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In a Russian dialogue course, I came across the following snippet in which the questioner uses the imperfective phrase мне выходить, and the respondent uses the perfective phrase вам выйти, and was curious as to why the conscious choice to use a different verb aspect in the response than that used in the original question:

  • А на какой станции метро мне выходить?
  • Лучше всего вам выйти на станции «Площадь восстания».
  • an awesome question on a very tricky aspect of Russian! – shabunc Mar 4 '20 at 17:12
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    Good to know! I'll look forward to an explanation 👍🏼 – CocoPop Mar 4 '20 at 17:14
  • I think the replying person may sometimes use another aspect (tense) in other languages too. Cf., - Where do we get off? - We'd rather get off at the next station. – alexsms Mar 5 '20 at 11:03
  • @alexsms In your example they use GET OFF in both cases. My question is about aspect, not tense. – CocoPop Mar 5 '20 at 23:55
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Russian imperfective and perfective verbs, in what is technically the imperative, convey different moods: сядьте and выйдите are imperatives ("do as you're told"), садитесь and выходите are optatives ("do if you feel like that"). This is close to English "go" vs "you should be going."

The same holds for interrogative dative constructs: мне выйти? means "do you want me to get off?" and мне выходить means "shall I be getting off?"

If you ask a stranger где мне выйти?, it would be somewhat rude for them to answer this question as asked and it's somewhat rude for you to force them to answer this question.

That's why you use the imperfective construct when asking the question.

If they were to answer you in the imperative, they would have probably used the imperfective in their answer too: Выходите на Площади Восстания. This would be a perfectly valid and polite answer, something you're likely to actually hear in the St. Petersburg metro.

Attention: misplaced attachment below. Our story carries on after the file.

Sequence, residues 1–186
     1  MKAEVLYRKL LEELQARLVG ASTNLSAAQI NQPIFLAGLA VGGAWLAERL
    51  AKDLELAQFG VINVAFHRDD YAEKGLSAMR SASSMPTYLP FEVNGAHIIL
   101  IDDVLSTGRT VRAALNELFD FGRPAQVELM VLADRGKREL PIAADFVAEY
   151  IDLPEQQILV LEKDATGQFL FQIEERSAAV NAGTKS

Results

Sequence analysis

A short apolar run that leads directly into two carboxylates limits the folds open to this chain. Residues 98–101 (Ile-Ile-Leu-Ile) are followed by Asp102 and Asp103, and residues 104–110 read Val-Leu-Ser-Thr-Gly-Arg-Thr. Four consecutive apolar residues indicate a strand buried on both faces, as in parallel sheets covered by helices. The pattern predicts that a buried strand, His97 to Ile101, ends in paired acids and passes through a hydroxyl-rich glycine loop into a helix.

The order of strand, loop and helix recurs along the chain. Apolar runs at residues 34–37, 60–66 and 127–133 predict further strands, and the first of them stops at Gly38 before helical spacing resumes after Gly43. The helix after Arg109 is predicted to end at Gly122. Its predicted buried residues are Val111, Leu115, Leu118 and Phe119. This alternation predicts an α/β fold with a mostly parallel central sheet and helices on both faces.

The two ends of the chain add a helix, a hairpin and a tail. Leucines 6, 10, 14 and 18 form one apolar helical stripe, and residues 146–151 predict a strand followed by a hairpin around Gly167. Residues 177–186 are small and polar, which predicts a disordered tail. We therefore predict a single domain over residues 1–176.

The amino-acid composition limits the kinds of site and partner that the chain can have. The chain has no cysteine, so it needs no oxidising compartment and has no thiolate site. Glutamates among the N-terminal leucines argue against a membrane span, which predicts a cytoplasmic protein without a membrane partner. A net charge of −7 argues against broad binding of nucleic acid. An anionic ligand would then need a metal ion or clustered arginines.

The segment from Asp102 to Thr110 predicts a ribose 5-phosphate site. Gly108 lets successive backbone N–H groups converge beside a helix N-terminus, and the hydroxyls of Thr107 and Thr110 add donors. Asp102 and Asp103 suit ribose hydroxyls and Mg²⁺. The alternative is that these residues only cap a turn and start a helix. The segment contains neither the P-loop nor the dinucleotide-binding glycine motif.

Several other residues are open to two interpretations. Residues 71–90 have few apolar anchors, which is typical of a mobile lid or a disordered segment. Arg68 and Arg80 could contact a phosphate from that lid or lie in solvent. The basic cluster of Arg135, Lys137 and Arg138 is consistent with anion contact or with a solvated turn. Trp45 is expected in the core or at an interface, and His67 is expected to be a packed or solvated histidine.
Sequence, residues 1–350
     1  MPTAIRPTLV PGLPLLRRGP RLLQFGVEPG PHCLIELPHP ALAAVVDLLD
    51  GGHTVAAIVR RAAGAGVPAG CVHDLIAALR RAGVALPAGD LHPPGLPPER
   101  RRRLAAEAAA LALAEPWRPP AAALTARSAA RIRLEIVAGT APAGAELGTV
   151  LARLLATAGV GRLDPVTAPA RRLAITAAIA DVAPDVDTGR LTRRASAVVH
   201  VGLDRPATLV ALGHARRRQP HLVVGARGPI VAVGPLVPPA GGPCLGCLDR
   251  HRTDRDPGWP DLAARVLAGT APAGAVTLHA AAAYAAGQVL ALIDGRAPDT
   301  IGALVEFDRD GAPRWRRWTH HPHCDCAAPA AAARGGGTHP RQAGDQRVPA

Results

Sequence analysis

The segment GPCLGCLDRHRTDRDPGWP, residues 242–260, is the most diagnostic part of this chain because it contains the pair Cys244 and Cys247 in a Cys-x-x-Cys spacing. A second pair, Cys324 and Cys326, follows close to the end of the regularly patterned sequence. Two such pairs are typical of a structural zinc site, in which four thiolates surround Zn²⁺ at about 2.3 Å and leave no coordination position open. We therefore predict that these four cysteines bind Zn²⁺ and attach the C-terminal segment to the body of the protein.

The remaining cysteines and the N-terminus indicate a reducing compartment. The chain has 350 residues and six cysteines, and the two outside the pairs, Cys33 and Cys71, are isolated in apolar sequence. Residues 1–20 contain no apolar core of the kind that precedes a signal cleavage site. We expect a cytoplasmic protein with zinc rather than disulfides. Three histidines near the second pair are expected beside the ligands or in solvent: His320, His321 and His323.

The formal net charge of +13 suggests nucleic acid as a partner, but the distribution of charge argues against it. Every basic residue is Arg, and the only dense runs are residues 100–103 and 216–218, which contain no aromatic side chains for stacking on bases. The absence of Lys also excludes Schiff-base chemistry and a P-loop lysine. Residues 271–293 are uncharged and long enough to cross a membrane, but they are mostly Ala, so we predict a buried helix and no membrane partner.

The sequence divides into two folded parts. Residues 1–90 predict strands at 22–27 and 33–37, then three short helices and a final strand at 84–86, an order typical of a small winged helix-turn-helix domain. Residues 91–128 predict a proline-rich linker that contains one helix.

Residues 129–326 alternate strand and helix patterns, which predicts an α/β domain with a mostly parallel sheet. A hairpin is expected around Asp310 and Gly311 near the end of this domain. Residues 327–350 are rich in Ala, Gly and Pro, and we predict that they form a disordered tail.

But they are using an indirect phrase, and this modality rule does not work (or, rather, is much weaker) in this case. So they're using the perfective, as лучше всего вам выходить would mean something you would do every day, not just once.

The same way, you could have used the indirect phrase in your question: где мне лучше выйти and this would be ok too.

Also note that all above are very fine shades of politeness, so you can probably hear all combinations of perfective and imperfective in real speech.

It's very similar to the difference between "you should go" vs. "you better go" vs. "you should be going" vs. "you better be going" in English.

  • That was very informative and interesting - thank you for your response)) – CocoPop Mar 6 '20 at 12:58
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While (very) fine shades of politeness may exist, I can't but mention that at least in the Russian I'm familiar with, this dialogue with aspects interchanged

  • А на какой станции метро мне выйти?
  • Лучше всего вам выходить на станции «Площадь восстания».

sounds almost exactly the same, and most speakers won't notice any difference at all, provided that this is a dialogue regarding a one-off trip.

However, if a daily routine is being discussed, only the imperfective (выходить) will do.

  • Very interesting indeed - thank you))) – CocoPop Mar 6 '20 at 12:53

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